Just shy of his first birthday, Andrew Nelson Carver Klein was whisked away from his beloved Sesame Street to attend a rally welcoming South African political hero Nelson Mandela, to Boston. He has no recollection of this event; however, Andrew has been told that he sat in a stroller, donning a “Boston Welcomes Nelson Mandela” T-shirt that fit him like a dress, smiling adamantly for the duration of the event. Andrew still wears this t-shirt (which fits slightly better now), a memento from his first encounter with political activism. Mandela clearly holds significant meaning in Andrew’s life. The man, who freed his country from oppression and whom Andrew unwittingly cheered as a one-year-old, is the source of Andrew’s middle-name, “Nelson”.
Wheeled by his parents onto a path of political activism and public service at an early age, Andrew has continued in this direction, ultimately abandoning the stroller and willingly forfeiting his still beloved Sesame Street for community service, rallies, protests, and marches. Andrew’s parents, Jeff, a recently retired machinist from the Massachusetts Water Resource Authority and Ilene, an elementary school teacher in the Boston Public Schools, have both held jobs in the public sector and have provided a model for Andrew in their unremitting strive to make a difference.
As a rising senior at Boston Latin School, Andrew participates in several activities and organizations that aim to serve the local community and the world. Andrew advocates international human rights as the head of Boston Latin School’s Amnesty International chapter, leading a campaign in his sophomore year to petition California Governor Arnold Schwarzenegger to grant clemency to gang-leader-turned-Nobel-Peace-Prize-nominee, Stanley Tookie Williams. He works to ensure the circulation of a fair and thorough news source as the next editor-in-chief of Boston Latin School’s student newspaper, The Argo. As an active member of the Dorchester Youth Council and the Youth Leadership Board of the Massachusetts Coalition for the Prevention of Youth Violence, Andrew participates in two organizations that endeavor in their own respective approaches to remedy the problems facing Andrew’s community, Dorchester. Seeing the fruition of his efforts has provided him with a deep sense of fulfillment and a yearning to continue to improve the world.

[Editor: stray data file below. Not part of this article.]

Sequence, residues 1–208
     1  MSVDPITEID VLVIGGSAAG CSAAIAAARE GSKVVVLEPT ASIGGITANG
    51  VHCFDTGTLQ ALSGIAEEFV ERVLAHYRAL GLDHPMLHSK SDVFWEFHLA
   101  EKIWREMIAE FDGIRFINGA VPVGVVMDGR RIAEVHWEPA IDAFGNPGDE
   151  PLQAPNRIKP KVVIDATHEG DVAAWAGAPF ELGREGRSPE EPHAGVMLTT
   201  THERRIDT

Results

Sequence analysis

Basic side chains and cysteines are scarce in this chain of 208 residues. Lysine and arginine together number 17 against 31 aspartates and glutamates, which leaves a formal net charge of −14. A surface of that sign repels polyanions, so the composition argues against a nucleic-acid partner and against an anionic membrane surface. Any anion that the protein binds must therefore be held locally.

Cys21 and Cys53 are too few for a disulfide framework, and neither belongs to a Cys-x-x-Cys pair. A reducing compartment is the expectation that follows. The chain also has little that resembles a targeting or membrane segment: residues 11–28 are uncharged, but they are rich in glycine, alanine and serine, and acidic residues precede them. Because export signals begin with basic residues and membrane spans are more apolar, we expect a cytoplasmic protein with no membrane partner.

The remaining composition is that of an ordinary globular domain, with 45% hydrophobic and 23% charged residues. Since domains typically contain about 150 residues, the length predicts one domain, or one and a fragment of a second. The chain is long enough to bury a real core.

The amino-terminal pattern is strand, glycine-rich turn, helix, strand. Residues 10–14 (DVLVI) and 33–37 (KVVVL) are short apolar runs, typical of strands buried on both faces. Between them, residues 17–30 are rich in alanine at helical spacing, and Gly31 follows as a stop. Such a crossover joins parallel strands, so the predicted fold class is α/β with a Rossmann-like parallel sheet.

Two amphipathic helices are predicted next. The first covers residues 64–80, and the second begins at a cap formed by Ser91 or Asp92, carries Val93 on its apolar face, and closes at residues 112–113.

Andrew also finds pleasure and fulfillment in activities that do not carry the same weight as human rights advocacy but still require intense dedication. Andrew has been a member of Latin School’s volleyball team for the past three seasons, and, as a player on the 2007 varsity squad, Andrew joined his team on a trip to the playoffs. He also earned two varsity letters on Boston Latin School’s indoor track and field team and has fulfilled a lifelong dream of playing rugby by joining a local club team founded by a close friend. In addition to athletics, Andrew has a strong grounding in music. After taking seven years of piano lessons, dabbling on the saxophone, and a brief stint on the guitar, Andrew began playing the keyboard in a band created with several of his high school peers. Although it dismantled before the completion of its first song, Andrew nevertheless appreciates his time in the band; now, whenever working in a group, Andrew remembers the band’s arduous, yet rewarding attempt to consolidate different sounds to form harmonious, synchronized music.
Andrew is grateful for the intellectual opportunities that Boston Latin School has afforded him, especially in the History and English departments, and hopes to continue to explore the fields of history, social science, English, and international studies in college. While Andrew has yet to forge a definitive career path, he is considering tracts in academics, journalism, human rights advocacy, and public service.
Andrew’s Ward Fellowship sponsor is Michael P. Ross, the District 8 representative in the Boston City Council.